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5/30/2007
11:45 AM
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Is Google Getting Serious About Business Software?

Here's to betting that a Salesforce.com and Google business partnership has been consummated. Salesforce informs me it will be making an announcement with a "leading Internet company based in the Bay Area" on June 5.

Here's to betting that a Salesforce.com and Google business partnership has been consummated. Salesforce informs me it will be making an announcement with a "leading Internet company based in the Bay Area" on June 5.There's Yahoo in Sunnvale, but my money is on Google in Mountain View. At the Salesforce developer conference last week, CEO Marc Benioff alluded to a report of an alliance in The Wall Street Journal without confirming anything.

I'm curious to see hear what they'll have to say. Google has always been a bit ambiguous about selling software to businesses, which is what Salesforce does. Adworks, Adsense and search are the crown jewels; its Google Apps feel more like an experiment.

But there's been a decent level of interest in its software. Google project manager Rajen Sheth recently told me that Google Apps, which went beta last August and was officially announced in February, has about 150,000 subscribers. About 100,000 of those are small businesses, and the remainder a mix of organizations, schools and universities, and large businesses. Proctor & Gamble and General Electric are among the big companies testing Google Apps, he said. Big companies are using a mix in some cases: the free, ad-supported version for some users, and the $50-a-year subscription version, with the ability to turn the ads off, for other users.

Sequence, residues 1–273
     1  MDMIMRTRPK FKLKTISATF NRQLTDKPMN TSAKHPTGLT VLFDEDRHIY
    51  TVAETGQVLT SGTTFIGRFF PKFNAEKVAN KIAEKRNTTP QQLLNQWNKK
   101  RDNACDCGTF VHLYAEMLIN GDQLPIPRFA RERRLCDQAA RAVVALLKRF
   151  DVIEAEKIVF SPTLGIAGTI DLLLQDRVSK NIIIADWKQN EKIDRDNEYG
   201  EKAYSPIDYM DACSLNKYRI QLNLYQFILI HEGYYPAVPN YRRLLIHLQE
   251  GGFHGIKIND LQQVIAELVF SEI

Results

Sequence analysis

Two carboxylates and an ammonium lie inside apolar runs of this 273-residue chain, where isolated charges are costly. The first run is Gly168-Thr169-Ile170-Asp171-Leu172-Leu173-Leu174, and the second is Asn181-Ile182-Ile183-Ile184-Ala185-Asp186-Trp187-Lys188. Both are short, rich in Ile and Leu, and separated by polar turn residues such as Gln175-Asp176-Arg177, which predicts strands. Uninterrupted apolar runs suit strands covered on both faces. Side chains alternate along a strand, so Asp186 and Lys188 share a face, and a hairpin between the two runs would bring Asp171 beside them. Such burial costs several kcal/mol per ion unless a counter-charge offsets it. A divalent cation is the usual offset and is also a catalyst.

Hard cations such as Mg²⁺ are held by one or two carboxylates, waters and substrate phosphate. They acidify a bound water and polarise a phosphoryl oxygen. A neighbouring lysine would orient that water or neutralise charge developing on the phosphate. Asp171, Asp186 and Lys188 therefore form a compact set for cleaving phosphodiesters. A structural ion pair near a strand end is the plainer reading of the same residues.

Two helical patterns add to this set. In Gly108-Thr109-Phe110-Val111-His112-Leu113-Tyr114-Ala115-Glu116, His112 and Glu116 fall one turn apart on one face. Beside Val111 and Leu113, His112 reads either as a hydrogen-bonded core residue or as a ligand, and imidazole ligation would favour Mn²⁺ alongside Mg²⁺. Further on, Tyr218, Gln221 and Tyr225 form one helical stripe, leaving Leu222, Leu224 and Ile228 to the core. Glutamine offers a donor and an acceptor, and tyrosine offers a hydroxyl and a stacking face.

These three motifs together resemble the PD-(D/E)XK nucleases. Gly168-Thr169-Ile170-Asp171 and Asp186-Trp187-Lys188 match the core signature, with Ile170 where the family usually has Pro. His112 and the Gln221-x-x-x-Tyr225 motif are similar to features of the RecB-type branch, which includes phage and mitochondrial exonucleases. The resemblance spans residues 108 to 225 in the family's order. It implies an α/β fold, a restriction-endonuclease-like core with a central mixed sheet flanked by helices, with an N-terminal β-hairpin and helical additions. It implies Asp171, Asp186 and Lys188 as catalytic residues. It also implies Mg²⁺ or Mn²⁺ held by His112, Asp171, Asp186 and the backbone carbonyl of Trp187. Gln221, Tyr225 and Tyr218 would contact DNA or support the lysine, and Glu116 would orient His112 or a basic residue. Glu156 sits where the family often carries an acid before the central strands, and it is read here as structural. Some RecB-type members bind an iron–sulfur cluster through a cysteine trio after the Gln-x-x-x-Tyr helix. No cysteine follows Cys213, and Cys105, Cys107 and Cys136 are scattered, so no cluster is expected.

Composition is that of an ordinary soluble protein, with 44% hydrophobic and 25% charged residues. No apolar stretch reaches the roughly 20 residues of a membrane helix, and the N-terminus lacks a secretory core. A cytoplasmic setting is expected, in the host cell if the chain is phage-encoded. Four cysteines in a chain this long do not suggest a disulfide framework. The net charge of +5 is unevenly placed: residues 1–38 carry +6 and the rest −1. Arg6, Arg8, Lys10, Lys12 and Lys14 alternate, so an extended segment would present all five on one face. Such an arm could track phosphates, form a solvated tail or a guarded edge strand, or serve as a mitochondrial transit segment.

Then you have Salesforce, which under the direction of a verbose and media-savvy Benioff, has managed to make SaaS mean something more than what you get from your kindergartener at the dinner table. So you've got Google offering very cheap or free online productivity software, and Salesforce selling monthly subscriptions to online business software, and both companies trying to build developer ecosystems around their software platforms. At Salesforce's conference last week, it previewed an ability to connect its APIs to Google's to "bidirectionally update Google spreadsheets," according to a report written by First Albany analyst Mark Murphy.

What could these kids be up to? Stay tuned.

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